Belief

Confessions of a Gay Ex-Radical Muslim Once on the Verge of a Terrorist Attack

Sohail Ahmed said Islamic verdicts on how to handle homosexual feelings led him to become more radical.

Photo Credit: shining.darkness/Flickr

After the Orlando attacks, U.K. citizen Sohail Ahmed admitted something remarkable. Similar to the man who killed 49 people at the Pulse nightclub on June 12, Ahmed was a Muslim extremist whose repressed homosexuality led him to the “precipice of committing a terror attack in my home country—in the U.K., in London,” Ahmed told the BBC. 

“I was brought up as a Salafi Wahhabi, which is a Saudi form of Islam, and I’m also gay,” Ahmed said. "I would ... research all of these Islamic verdicts on what you should do if you have homosexual feelings ... And one thing would keep coming up again and again: Be more religious, worship more. And basically because I was a Salafi, I became more religious and that led me to becoming more radical.’”

At the peak of his radicalization, Ahmed planned to strike.

"I did have a specific target in mind," Ahmed said on MSNBC's "Rachel Maddow Show" on June 17. "I was thinking about carrying out an attack in Canary Wharf, which is a developed area, a redeveloped area in East London, basically simply because of its symbolic nature. It symbolizes the development of London and how rich London is."

After once believing that, as a Muslim, he was at war with the U.K., it took Ahmed many years to abandon extremism and accept himself.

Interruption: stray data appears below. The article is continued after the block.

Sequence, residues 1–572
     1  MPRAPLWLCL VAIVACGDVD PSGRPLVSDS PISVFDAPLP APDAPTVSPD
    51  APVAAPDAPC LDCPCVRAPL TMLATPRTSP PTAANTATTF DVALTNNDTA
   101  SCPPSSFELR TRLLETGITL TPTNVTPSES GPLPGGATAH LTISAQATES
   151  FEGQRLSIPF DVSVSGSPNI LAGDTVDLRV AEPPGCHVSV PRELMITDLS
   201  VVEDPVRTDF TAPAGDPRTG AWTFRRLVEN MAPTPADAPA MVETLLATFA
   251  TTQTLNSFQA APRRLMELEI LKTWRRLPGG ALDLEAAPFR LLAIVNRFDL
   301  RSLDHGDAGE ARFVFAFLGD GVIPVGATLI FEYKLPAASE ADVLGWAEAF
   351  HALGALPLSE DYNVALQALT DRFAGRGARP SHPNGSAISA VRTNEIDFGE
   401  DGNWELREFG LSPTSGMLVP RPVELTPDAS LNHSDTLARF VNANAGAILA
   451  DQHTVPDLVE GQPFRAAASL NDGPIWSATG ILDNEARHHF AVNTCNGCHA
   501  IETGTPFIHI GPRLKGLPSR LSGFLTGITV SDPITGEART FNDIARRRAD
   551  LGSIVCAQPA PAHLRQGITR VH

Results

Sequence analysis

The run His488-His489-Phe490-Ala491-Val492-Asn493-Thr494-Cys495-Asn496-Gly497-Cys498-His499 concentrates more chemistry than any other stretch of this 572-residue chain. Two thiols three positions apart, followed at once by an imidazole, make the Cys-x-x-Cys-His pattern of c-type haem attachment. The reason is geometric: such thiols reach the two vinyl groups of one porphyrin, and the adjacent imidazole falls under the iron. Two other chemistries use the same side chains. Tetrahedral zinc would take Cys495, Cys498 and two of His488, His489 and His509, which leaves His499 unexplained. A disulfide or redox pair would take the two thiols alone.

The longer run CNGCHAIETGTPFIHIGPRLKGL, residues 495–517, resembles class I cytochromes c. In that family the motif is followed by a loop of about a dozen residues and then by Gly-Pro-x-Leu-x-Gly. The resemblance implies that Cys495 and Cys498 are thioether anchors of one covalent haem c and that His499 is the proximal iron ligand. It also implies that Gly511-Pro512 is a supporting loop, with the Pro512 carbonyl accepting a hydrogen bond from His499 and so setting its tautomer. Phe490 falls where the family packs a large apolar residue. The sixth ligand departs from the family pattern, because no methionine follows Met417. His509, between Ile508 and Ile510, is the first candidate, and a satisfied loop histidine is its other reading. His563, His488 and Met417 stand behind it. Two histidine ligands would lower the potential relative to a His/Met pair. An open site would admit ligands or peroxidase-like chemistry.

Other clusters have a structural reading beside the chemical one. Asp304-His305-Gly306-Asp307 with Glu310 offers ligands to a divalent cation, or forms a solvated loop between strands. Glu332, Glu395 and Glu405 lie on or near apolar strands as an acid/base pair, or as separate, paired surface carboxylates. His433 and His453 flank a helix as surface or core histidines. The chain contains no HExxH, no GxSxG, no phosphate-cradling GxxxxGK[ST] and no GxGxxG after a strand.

"When 7/7 happened [the July 7, 2005 London bombings], initially I was supportive of it, I'm ashamed to say, because I was an Islamist then," Ahmed admitted.

"However, slowly as time went on, I started to think that this really just doesn’t seem right. The people that died were Londoners, just like me. This was my city that was attacked. And then I started having doubts about my views and I then started looking at the work from the Quilliam Foundation, which is a U.K. think tank, the world’s first counter-extremism think tank. ... And basically I was convinced by them that the Islamist way of thinking isn’t the way to go ahead and that it is an evil ideology and an insidious ideology and that it must be stopped in its roots," Ahmed explained.

Scientific studies later helped him come out as well. 

"I became deradicalized way before I even came out to myself. I didn’t accept the fact that I was gay. I didn’t know the fact that I was gay. All I knew is that I had same-sex attractions, but I assumed that they were there temporarily or that I was possessed," Ahmed recalled. 

"After I became deradicalized, the final thing that I changed my mind on—and that I managed to gather the courage to change my mind on—was my sexuality, and the way I did that was through researching, looking at scientific studies on the topic of sexuality ... and when I looked at that, I realized being gay is natural; it’s not a choice; you can’t change it, and then I came out to myself," Ahmed told Maddow.

“[Afterward] I studied progressive, liberal interpretations of Islam ... and I was convinced by them—the LGBT-positive interpretations—and then I was for the first time ever happy to be Muslim and happy to be gay," said Ahmed. 

But Sohail Ahmed won’t be allowed in the U.S. just yet: He was sent back Monday from NYC’s JFK Airport after being scheduled to appear on MSNBC this past Wednesday. “They basically said if I had had a visa, I would have been allowed in," he said.

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Alexandra Rosenmann is an AlterNet associate editor. Follow her @alexpreditor.